There are some managers who divide opinion at every club they take charge of regardless of the success they may or may not have.
Keith Curle has certainly fallen into that category in the last few jobs he has walked into, yet it is about time he got the appreciation he deserves.
During a playing career that spanned 24 years, he was a fierce competitor who always gave everything to the cause and this personality is reflected in the sides he has managed.
This season is his first full campaign in charge at Northampton Town and after a slow start, he is slowly getting a tune out of a talented group at the Cobblers.
We take a look at just how he has gone about his business at Sixfields, and why he is building a team gearing up for a successful campaign...
Recruitment spot on
There were some eyebrows raised over the summer when Northampton were doing their business, a lot of which was conducted early in the window – something Curle has often tried to do at his previous clubs – with several stand out signings.
Alan McCormack arrived as a promotion winner with Luton, Nicky Adams also signed having just finished in the top three with Bury while Harry Smith, Charlie Goode, Chris Lines, and Michael Harriman also came through the doors.
This experienced group were also supplemented with the additions of Scott Wharton on loan from Blackburn, Matt Warburton from non-league Stockport and the impressive Ryan Watson from MK Dons.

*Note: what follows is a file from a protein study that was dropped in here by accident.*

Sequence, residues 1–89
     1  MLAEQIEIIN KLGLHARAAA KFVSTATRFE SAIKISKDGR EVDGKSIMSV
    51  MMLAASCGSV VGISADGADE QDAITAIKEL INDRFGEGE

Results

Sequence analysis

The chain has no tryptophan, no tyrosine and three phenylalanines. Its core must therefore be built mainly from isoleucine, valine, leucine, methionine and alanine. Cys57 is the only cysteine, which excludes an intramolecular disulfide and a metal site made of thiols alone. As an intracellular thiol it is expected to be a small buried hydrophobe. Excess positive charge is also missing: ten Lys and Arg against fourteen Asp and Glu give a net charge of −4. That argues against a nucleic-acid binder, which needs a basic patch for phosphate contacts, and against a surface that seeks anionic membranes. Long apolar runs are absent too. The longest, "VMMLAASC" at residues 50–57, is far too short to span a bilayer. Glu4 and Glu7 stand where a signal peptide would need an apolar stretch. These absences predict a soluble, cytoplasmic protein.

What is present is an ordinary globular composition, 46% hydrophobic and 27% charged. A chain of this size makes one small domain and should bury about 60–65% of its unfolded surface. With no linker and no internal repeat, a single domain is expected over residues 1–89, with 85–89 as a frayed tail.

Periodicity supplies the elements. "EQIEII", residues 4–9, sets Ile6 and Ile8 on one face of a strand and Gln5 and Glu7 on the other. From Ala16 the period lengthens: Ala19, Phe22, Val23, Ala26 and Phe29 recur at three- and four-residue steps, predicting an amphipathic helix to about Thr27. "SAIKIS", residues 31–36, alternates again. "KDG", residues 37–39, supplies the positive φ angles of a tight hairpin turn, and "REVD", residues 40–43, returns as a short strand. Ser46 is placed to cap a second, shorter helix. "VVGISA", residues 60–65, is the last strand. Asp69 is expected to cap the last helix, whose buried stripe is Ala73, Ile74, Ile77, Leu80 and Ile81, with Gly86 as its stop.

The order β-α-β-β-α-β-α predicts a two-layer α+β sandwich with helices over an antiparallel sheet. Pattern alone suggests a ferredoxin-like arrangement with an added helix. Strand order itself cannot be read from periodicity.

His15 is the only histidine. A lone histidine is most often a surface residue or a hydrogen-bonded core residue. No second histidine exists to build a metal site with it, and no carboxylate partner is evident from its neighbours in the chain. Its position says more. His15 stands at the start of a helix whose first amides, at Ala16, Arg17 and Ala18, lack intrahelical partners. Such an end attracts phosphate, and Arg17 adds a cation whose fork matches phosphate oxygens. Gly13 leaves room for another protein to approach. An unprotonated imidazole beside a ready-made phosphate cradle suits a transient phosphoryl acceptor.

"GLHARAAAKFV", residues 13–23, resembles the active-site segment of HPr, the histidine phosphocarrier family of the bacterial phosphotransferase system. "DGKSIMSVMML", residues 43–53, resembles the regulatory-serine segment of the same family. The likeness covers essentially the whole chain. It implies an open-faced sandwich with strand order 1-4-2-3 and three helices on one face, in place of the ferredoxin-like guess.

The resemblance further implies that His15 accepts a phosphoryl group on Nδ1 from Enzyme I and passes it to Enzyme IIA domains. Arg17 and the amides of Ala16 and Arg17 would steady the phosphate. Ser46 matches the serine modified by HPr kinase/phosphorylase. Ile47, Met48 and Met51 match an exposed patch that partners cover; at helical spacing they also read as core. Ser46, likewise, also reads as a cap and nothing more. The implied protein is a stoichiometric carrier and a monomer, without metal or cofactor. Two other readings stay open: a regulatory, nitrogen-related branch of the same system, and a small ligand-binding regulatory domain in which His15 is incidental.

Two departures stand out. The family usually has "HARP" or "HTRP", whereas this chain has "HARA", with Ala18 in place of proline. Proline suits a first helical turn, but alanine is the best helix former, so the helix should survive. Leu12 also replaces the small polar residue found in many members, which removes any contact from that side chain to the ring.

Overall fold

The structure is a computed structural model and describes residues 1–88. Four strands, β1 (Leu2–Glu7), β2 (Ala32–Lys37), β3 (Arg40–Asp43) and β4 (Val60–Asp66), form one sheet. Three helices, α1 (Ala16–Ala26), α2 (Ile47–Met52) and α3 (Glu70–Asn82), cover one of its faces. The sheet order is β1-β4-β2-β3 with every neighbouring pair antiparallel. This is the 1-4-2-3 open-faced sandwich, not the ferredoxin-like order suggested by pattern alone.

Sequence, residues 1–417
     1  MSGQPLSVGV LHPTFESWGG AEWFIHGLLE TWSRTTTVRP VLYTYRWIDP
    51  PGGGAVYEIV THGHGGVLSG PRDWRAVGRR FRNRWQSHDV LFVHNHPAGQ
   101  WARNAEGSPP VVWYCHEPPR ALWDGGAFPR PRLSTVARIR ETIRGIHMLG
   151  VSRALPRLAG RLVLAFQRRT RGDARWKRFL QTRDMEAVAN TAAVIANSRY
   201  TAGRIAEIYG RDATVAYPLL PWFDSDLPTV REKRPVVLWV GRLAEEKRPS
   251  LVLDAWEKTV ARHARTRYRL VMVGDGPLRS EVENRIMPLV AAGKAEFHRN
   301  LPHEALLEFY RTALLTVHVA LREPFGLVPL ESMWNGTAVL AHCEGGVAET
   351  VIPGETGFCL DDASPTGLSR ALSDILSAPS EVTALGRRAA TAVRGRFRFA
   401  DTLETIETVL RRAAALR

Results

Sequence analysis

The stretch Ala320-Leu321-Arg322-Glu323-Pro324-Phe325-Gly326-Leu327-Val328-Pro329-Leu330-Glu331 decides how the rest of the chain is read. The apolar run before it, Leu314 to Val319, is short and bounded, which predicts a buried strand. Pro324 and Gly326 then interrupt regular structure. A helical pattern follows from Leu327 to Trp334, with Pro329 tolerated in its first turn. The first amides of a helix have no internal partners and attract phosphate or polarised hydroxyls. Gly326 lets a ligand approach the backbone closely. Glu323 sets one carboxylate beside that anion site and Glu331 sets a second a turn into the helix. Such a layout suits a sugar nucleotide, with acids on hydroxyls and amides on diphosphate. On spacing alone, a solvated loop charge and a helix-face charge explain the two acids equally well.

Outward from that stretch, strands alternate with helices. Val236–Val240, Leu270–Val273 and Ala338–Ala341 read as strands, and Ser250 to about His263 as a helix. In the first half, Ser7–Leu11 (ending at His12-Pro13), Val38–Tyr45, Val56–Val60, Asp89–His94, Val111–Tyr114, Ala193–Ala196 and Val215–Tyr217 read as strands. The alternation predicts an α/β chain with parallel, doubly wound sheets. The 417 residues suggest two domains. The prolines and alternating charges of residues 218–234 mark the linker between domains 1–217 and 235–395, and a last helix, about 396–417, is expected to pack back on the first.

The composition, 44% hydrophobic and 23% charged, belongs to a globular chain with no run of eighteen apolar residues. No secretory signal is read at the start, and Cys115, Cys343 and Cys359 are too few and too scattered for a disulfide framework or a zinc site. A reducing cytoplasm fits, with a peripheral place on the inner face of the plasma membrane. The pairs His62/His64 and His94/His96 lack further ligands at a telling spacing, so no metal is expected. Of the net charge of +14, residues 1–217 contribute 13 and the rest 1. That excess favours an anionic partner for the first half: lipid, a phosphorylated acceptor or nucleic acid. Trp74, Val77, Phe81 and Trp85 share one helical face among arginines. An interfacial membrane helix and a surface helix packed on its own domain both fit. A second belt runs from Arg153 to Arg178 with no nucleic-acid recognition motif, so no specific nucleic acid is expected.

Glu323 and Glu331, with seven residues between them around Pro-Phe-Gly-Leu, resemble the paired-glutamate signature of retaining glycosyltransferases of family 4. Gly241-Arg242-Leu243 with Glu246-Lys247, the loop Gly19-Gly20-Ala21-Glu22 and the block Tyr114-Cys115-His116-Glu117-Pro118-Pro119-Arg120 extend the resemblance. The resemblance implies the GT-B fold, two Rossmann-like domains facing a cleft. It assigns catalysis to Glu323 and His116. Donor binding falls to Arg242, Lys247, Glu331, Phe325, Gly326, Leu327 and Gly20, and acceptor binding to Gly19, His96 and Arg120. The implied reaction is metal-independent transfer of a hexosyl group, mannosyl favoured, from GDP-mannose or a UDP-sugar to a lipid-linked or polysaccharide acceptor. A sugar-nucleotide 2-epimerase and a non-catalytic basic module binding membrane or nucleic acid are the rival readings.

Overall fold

Some impressive additions but also an entirely new squad to be moulded and made ready for the gruelling 46 game season.
Versatility pays off
Mysterious Curle, as he was known during his time at Carlisle, has often favoured a system using wing-backs and a back three but at Northampton he has shown a far better tactical flexibility that has made the Cobblers less predictable and harder to play against.
The versatile Sam Hoskins was not a hit with the fans last season despite creating more chances than nearly any other player in League Two and his ability to play as an attacker, winger or wing-back allows Curle to flip between a back four and three at will.
This has seen them cause a number of sides problems, leading to a run of five games without defeat including four victories.
Trust in youth
You could perhaps forgive Curle for not giving young players a prominent role at Sixfields given the strength of his playing squad yet both Shaun McWilliams and Scott Pollock have thrived when given an opportunity.
Curle has been able to supplement his squad while some key men have been recovering from injury and it has given him a welcome selection headache.
⚽️Want to see 4️⃣ goals in 70 seconds? Go on then... pic.twitter.com/neecW2TjrG— Northampton Town (@ntfc) November 17, 2019
Now 56-years-old, Curle has admitted to mellowing out his management style somewhat.
He still expects his players to be physical, determined and robust, much like he was as a player hence the additions of Vadaine Oliver and Harry Smith, but he has learnt that the hairdryer treatment does not always work best.
This more thoughtful approach will put him in good stead during the inevitable ups and downs of a very tight looking League Two campaign, making sure his players never get too high or low based on a short run of good or bad results.
His time at Carlisle had its detractors and his spell at Sixfields will likely be no different but perhaps given what has transpired, some of those naysayers in Cumbria may be wishing they’d not been quite so quick to judge mysterious Keith.